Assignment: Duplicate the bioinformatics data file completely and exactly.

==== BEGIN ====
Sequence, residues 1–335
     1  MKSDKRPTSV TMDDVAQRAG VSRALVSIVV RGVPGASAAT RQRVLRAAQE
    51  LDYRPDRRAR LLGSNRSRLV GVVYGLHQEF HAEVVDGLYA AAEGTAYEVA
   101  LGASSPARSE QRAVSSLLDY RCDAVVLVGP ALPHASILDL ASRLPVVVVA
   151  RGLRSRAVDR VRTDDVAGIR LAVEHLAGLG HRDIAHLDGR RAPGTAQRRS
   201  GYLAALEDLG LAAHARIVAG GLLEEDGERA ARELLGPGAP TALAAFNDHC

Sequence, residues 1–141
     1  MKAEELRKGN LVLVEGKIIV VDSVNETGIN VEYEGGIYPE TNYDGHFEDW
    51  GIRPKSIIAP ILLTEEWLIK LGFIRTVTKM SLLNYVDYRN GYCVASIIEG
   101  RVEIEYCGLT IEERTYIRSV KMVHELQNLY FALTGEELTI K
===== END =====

Sequence, residues 1–335
     1  MKSDKRPTSV TMDDVAQRAG VSRALVSIVV RGVPGASAAT RQRVLRAAQE
    51  LDYRPDRRAR LLGSNRSRLV GVVYGLHQEF HAEVVDGLYA AAEGTAYEVA
   101  LGASSPARSE QRAVSSLLDY RCDAVVLVGP ALPHASILDL ASRLPVVVVA
   151  RGLRSRAVDR VRTDDVAGIR LAVEHLAGLG HRDIAHLDGR RAPGTAQRRS
   201  GYLAALEDLG LAAHARIVAG GLLEEDGERA ARELLGPGAP TALAAFNDHC

Sequence, residues 1–141
     1  MKAEELRKGN LVLVEGKIIV VDSVNETGIN VEYEGGIYPE TNYDGHFEDW
    51  GIRPKSIIAP ILLTEEWLIK LGFIRTVTKM SLLNYVDYRN GYCVASIIEG
   101  RVEIEYCGLT IEERTYIRSV KMVHELQNLY FALTGEELTI K